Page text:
Doctor insights on:
Tailbone Pain And Colon Cancer
Cancer is a group of diseases that is characterized by uncontrolled cell growth leading to invasion of surrounding tissues that spread to other parts of the body. Cancer can begin anywhere in the body and is usually related to one or more genetic mutations that allow normal cells to become malignant by interfering with internal cellular control mechanisms, such as programmed cell death or by preventing ...Read more
Not likely: Tailbone pain is very common and NOT considered an independent symptom of cancer. If associated with swelling, fever and chills this is consistent with a Pilonidal infection. There are some very rare tumors that can grow in that area related to the spine and the pelvic cavity. Either way if your discomfort does not resolve with rest, time and ibuprofen you should consult your physician. ...Read more
Had tailbone pain for couple weeks now. Got worse after riding exercise bike. Hurts if I press or put pressure on it. Could it be colon cancer?
Doubt colon cancer: What you describe is very common especially in folks who do bike, usually after microtrauma. Read online about coccydynia. At your age and without anything else to say "colorectal cancer", i'd not be concerned, but everybody your age should get a rectal as part of your annual physical; ask to be checked if you visit your physician for your coccyx. ...Read more
32 yr old female. 40 lb weight loss, tailbone pain for 7 months, heavy rectal pressure, change in bowel habits. Possible colon cancer?
Colon cancer: 32 F. 40 lb weight loss, tailbone pain for 7 months, heavy rectal pressure, change in bowel habits. Possible colon cancer? ANS: Possible but not likely at your age unless you have strong FH of colon CA. I would tell y0ur Dr and have stool checked for blood and have rectal exam and then colonoscopy. Keep me posted. ...Read more
Cancer of the colon: Cancer that forms in the tissues of the colon (the longest part of the large intestine). Most colon cancers are adenocarcinomas (cancers that begin in cells that make and release mucus and other fluids). There are estimated 103, 170 (colon); 40, 290 (rectal) new cases and 51, 690 (colon and rectal combined) deaths from colon cancer in us in 2012. Screening with colonoscopy started at age of 50. ...Read more
Cancers: Cancers are abnormal, rapidly growing cells that do not know when to stop growing. These abnormal cells can damage local tissues, can attach to nearby organs or structures, can spread to lymph nodes, or can spread to other organs through the blood stream. Their growth damages what they are attached to, and often cancers encourage new blood flow to themselves. Cancer can grow in the colon. ...Read more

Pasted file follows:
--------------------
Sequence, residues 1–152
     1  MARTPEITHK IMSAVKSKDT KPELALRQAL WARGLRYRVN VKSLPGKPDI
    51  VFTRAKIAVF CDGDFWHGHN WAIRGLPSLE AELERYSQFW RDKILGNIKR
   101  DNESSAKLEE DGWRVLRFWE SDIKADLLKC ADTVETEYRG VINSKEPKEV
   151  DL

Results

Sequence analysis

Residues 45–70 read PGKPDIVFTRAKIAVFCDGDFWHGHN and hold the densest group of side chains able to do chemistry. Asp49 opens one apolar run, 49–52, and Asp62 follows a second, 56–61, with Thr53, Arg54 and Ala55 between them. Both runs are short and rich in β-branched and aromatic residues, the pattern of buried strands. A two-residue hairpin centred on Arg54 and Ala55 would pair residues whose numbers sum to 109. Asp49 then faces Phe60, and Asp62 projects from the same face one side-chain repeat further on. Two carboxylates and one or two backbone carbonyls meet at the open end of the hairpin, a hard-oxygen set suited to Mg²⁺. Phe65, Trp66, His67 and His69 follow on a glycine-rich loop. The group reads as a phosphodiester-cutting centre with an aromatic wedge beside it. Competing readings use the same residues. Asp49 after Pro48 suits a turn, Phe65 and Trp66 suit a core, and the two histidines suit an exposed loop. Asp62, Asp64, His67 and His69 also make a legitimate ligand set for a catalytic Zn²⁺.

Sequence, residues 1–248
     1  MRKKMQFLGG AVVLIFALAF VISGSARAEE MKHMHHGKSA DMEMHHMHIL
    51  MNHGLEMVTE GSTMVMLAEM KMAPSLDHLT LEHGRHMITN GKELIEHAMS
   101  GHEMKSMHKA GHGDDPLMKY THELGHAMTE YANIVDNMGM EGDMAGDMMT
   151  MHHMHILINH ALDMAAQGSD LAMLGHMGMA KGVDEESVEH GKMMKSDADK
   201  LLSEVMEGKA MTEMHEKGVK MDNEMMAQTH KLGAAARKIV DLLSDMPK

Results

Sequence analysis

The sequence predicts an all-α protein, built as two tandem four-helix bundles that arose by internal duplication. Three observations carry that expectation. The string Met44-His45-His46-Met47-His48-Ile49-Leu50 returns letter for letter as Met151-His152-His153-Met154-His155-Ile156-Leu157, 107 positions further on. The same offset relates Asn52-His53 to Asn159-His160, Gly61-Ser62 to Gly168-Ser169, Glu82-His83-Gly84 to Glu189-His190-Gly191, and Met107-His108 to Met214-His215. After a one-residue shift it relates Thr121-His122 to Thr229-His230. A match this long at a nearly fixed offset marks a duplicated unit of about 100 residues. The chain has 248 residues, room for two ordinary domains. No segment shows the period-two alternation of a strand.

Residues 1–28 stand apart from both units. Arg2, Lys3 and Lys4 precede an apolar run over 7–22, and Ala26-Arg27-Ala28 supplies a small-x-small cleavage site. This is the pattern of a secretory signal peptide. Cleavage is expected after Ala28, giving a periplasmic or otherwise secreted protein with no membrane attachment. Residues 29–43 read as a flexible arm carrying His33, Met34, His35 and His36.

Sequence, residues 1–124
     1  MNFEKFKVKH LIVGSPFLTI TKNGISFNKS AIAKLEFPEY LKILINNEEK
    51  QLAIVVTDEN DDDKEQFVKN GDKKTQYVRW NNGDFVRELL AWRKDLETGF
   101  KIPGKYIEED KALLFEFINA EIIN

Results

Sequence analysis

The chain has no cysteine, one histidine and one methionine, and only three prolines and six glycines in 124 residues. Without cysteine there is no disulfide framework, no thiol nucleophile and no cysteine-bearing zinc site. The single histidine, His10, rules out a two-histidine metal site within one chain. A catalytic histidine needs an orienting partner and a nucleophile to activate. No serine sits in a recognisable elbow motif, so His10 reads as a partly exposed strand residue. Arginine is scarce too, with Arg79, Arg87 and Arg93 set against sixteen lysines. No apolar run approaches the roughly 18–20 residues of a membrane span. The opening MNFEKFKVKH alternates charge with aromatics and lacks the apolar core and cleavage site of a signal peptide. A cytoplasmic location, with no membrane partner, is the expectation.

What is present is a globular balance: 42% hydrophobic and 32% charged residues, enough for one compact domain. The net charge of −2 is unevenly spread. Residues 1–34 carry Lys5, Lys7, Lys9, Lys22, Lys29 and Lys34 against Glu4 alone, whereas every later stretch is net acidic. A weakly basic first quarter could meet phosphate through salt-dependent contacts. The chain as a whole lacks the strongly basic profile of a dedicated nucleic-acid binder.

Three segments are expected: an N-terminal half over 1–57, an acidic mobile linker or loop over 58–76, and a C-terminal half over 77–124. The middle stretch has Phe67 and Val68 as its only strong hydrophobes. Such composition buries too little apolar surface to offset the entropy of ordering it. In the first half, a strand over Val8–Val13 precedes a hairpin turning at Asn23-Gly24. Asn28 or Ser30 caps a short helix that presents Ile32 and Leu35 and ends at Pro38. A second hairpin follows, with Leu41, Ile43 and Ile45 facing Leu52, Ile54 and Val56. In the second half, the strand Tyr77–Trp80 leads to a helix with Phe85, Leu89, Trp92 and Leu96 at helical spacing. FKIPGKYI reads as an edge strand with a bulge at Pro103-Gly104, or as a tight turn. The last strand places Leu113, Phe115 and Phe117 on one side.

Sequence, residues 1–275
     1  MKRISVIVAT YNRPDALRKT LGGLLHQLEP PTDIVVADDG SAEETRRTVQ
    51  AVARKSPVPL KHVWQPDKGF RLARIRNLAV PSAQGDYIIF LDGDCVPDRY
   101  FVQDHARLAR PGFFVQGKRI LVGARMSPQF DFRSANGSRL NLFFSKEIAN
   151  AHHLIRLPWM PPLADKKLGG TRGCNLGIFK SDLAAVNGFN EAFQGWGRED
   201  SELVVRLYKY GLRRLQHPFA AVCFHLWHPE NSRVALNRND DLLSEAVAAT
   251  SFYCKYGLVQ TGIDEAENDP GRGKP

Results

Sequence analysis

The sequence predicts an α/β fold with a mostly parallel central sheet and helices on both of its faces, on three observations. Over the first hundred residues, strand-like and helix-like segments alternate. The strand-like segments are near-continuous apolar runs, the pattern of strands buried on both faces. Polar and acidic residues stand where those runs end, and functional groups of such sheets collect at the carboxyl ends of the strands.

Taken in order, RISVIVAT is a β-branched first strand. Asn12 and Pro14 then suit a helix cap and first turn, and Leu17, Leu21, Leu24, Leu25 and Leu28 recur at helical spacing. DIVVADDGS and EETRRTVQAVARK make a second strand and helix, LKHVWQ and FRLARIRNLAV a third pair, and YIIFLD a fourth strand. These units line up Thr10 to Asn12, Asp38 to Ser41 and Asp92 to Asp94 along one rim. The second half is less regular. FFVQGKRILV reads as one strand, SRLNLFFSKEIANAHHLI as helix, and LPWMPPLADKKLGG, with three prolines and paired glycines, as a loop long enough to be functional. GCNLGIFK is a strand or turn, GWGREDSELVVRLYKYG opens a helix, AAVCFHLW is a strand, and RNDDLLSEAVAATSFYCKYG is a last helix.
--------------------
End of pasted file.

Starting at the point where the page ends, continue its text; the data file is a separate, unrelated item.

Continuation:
Not always: Colon cancer tends to not have any signs or symptoms when it is early (when it is easiest to treat). That is why screening colonoscopies are so important, to remove any polyps that may become cancer, and to directly look for cancers. Colon cancer can cause bleeding from the rectum, tiredness from anemia, stool changes, or abdominal pain. Other things can cause this too. Best to be seen if? S. ...Read more
Early detection!: The best thing that improves the chances of curing colon cancer is early detection. So preventive health care and screening are key. All adults should have a colonoscopy at age 50 to look for cancers or early cancers, usually as polyps. If you have a strong family history or certain conditions it is recommended you get earlier screening. Once detected, colon ca usually is cured by surgery, or drugs. ...Read more
Very complicated: Monoclonal theory says that just like we are a living thing, we are born, we have jobs to do and then we die, each cell has a similar cycle of birth, life, and death. Cancer occurs when a cell develops so many mutations that it does not follow that cycle and does not die but can still divide itself and hides from our immune system which is there to detect abnormal cells and destroy them. ...Read more